When it comes to system administration and particularly security, there can be a lot of stress involved at times. Do you find yourself in tough situations and what do you do to handle them?
System administration, by its nature, is stressful. BOFH stories aside, a great deal of expectation falls on the shoulders of the person in charge of making sure everything works. As a sysadmin, if anything goes wrong, it is your fault. That holds true for me as well. In all cases, I try to maintain a sense of humour. If you can keep your head while everyone around you is panicking, that air of calmness will spread somewhat. Confidence instills confidence. If you are at your wits end, don't be afraid to ask for help. We're all in this together.
And remember, the best way to avoid stress is to avoid the stressful situations in the first place. Get to know your systems and your network. Stay on top of it. Knowledge is power. Learn all that you can, script what can be scripted and schedule everything imaginable with cron jobs (where possible). If it isn't broken, people won't be complaining and you can build up that reputation "as a miracle worker" (as Scotty might say).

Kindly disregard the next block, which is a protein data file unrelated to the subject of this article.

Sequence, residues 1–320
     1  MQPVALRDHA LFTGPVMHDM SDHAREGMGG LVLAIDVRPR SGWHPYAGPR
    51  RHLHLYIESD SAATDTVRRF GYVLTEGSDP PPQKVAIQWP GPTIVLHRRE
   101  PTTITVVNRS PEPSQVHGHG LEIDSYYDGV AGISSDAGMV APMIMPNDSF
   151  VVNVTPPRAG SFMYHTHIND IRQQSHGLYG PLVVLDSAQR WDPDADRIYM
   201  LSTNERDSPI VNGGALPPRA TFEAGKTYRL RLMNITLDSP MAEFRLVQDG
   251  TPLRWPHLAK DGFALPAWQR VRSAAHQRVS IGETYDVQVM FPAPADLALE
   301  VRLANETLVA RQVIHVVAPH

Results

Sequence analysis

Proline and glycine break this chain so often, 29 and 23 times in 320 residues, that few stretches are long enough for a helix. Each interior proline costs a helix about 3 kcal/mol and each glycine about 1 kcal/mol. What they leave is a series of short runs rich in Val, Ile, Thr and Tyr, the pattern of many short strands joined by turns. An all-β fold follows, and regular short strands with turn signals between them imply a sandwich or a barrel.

What's the most careless act in system administration you've ever seen?
(insert sound of laughter here) I don't even know where to begin. I've been in offices where people have their passwords stuck to their monitors because it's easier than remembering. As bad as that is, I think this next one probably rates as the worst. A company (that shall remain nameless) spent a small fortune on a high capacity, enterprise backup solution. That doesn't sound so bad except that they just assumed (presumably because it was so expensive) that the configuration and hence, the backups, should not be verified or tested. After three months of running this solution, the inevitable happened. I leave the rest to your imagination.
What direction do you think the Linux community will take in 2003? What direction would you like to see Linux go?
What is most interesting about the Linux community is that there really is a "Linux community". I believe that the community will continue to do what it has always done -- code, develop, and work to extend the capabilities of the Linux operating system so that the question of whether Linux will ever dominate the OS world won't be a question, but accepted fact.
As for Linux itself, I believe that in 2003, Linux will make serious inroads onto the desktop, both at home and in the office. The average, non-techie user will be running Linux; your brother and sister, your parents, your grandparents... Those of us who are the "Linux experts" had better prepare ourselves because we are going to hear a lot about it "outside the community".
What advice would you give to new Linux users?
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